Half-century of success began at St. Joseph

Michael Selami - Class of 1964

Michael Selami – Class of 1964

Staff report

“Revealed Preference of the Federal Reserve: Using Inverse Control Theory to Interpret the Policy Equation of a Vector Autoregression” … “Saddlepath Solutions for Multivariate Linear Rational Expectations Models” … “Small Sample Properties of Three Tests for Granger-Causal Ordering in a Bivariate Stochastic System” … Congratulations! If you made it this far without jumping to the next article, then you undoubtedly are interested in what’s behind the verbiage of the opening of this paragraph.

Taking a step backward, the almost indiscernible list of titles begins with a young man from Westchester, who attended Divine Infant School before entering St. Joseph High School when the Christian Brothers first opened the doors in the fall of 1960. Michael worked hard during his four years here and he earned stellar grades from all of his teachers, culminating in his being the valedictorian of the Premier Class of St. Joseph High School, the Class of 1964.

Michael Salemi then matriculated to another Christian Brother school, St. Mary’s College, in Winona, Minnesota. Earning his undergraduate degree in Economics in 1969 and graduating eggregia cum laude, he would not give education a rest, earning his M.S. in Economics in 1969 from Purdue University and his Ph.D. in Economics in 1976 from the University of Minnesota.

Dr. Michael Salemi has made both economics and the teaching of economics his passions for more than fifty years. Although most of his professional career has been serving the students at the University of North Carolina at Chapel Hill as Professor of Economics (including his last two years there as Chair of the Economics Department) a primary focus has been on improving the teaching and learning of economics.

To that extent, he has published, either alone or with colleagues, no fewer than 66 journal articles, along with a textbook and a video that serves as part of The Great Courses (Money and Banking: What Everyone Should Know). Not all of these articles have titles as head-spinning to the inexperienced economist as first presented above, but all of them are rooted in his desire to push students to their academic capacities.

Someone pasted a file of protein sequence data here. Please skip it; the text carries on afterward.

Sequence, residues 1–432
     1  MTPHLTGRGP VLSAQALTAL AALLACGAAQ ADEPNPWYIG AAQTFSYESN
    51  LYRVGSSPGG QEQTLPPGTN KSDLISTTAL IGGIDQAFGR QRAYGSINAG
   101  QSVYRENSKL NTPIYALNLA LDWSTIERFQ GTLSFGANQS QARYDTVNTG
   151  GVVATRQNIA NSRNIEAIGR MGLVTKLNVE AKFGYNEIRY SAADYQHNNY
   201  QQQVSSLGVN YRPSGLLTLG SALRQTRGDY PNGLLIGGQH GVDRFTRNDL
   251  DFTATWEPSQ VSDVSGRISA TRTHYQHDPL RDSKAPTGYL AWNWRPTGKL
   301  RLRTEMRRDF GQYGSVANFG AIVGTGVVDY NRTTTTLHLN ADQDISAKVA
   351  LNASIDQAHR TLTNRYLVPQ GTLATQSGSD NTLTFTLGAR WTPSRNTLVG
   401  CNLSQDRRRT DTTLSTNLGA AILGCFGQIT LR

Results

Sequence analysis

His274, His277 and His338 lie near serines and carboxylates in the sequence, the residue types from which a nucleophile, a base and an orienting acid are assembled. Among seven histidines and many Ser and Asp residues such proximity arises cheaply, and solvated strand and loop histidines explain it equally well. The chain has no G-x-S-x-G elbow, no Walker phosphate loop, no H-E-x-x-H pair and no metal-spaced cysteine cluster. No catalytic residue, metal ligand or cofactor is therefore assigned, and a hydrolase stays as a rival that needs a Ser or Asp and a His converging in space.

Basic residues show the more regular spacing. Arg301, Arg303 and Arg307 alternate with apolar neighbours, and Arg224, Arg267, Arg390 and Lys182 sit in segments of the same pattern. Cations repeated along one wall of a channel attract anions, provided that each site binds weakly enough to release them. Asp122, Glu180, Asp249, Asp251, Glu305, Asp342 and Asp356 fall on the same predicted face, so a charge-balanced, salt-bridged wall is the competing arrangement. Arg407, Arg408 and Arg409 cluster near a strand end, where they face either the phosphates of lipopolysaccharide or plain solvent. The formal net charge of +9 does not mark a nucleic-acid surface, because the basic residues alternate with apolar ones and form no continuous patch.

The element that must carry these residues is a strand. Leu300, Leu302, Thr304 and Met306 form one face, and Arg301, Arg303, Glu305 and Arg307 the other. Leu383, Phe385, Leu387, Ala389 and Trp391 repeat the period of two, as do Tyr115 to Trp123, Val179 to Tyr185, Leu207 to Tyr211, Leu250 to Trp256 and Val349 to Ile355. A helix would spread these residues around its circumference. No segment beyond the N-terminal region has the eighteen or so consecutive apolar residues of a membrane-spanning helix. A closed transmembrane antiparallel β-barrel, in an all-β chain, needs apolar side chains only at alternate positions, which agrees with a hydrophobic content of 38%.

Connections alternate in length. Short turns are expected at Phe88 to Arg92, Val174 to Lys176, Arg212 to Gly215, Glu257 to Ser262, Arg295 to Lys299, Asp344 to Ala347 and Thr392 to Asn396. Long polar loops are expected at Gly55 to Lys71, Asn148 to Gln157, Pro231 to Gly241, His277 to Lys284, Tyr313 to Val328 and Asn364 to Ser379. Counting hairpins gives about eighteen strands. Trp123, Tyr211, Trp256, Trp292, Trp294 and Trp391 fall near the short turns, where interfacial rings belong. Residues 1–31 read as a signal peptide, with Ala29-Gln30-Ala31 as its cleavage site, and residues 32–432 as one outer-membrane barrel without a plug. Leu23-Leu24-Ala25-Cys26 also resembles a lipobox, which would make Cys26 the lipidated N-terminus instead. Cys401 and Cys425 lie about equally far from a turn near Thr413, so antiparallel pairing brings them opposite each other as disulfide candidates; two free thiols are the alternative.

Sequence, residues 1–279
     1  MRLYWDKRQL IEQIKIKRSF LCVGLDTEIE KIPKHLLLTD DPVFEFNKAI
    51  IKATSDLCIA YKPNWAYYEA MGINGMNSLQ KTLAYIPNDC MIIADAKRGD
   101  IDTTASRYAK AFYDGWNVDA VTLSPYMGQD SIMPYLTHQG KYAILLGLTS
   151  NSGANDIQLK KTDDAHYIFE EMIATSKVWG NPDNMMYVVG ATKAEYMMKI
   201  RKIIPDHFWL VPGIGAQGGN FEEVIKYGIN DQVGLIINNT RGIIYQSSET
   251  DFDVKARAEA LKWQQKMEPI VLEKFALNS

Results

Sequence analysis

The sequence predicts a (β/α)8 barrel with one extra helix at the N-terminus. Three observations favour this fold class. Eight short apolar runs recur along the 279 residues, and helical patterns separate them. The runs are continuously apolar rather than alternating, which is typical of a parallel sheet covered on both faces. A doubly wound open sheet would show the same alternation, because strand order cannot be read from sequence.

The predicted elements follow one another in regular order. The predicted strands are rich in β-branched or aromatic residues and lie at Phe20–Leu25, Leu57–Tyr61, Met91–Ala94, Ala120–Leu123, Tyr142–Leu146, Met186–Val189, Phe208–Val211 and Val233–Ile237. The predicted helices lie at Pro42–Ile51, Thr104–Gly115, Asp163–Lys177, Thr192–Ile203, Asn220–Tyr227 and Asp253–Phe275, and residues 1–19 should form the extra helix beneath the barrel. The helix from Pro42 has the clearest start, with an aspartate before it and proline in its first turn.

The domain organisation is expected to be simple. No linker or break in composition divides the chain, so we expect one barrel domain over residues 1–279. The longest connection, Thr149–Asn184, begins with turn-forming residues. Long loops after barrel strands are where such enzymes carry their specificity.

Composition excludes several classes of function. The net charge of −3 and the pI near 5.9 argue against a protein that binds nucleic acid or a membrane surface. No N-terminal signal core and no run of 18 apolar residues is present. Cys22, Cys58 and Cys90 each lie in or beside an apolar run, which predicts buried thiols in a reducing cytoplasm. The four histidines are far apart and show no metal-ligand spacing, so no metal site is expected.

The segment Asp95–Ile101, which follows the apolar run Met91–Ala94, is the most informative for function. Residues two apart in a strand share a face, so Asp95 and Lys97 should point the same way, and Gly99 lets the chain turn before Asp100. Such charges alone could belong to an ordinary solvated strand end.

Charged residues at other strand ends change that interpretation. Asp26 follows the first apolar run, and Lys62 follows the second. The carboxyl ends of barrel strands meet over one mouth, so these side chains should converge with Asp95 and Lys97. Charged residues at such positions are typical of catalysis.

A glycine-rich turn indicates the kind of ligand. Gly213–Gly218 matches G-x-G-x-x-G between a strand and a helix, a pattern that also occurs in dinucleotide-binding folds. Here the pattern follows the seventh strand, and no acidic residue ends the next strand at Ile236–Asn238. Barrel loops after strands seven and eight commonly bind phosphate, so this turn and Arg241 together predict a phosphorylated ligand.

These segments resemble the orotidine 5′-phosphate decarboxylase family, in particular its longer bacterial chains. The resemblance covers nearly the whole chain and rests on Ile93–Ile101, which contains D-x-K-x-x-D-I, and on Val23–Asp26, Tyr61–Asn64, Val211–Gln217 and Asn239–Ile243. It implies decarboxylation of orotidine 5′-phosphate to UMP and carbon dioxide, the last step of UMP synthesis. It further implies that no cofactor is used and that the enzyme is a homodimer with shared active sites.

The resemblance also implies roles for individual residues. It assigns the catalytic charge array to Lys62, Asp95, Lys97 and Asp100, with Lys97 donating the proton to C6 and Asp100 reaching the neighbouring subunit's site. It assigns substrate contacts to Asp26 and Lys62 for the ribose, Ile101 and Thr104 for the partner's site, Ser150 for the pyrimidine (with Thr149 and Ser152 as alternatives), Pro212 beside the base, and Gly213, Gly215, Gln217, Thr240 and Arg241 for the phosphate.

“The most rewarding aspect of my career has been the opportunity to design and teach challenging courses in economics,” Salemi said. “I have been blessed with the opportunity to help students at UNC – both graduate and undergraduate – to grow as scholars and individuals.”

In addition to his writing, Dr. Salemi has presented his papers throughout the country and often serving as the featured speaker at universities across the nation.

While researching has been a particular joy to Dr. Salemi, the end result did not come without hurdles to overcome.

“The most challenging aspect of my career has been continuing to publish research in good journals. I enjoy research but the process from conception to publication can be very frustrating,” he said. “Especially challenging is shepherding one’s work through the editorial process.”

Notwithstanding Dr. Salemi’s busy schedule, he manages to find time to provide service to a number of communities, where he has served as a member on multiple boards or as an administrator/chair of departments and committees. All of his efforts have been acknowledged by his peers and others as he has received a multitude of awards and fellowships.

Dr. Salemi credits part of his success to his high school.

“St. Joseph High School taught me the value of hard work, discipline, and respect for teachers,” he said. “I was always someone who liked to achieve in the classroom. At St. Joseph, the desire to achieve academically was supported.”

Dr. Michael Salemi, St. Joseph High School is very proud of you and we wish you many more years of happiness and success! Congratulations!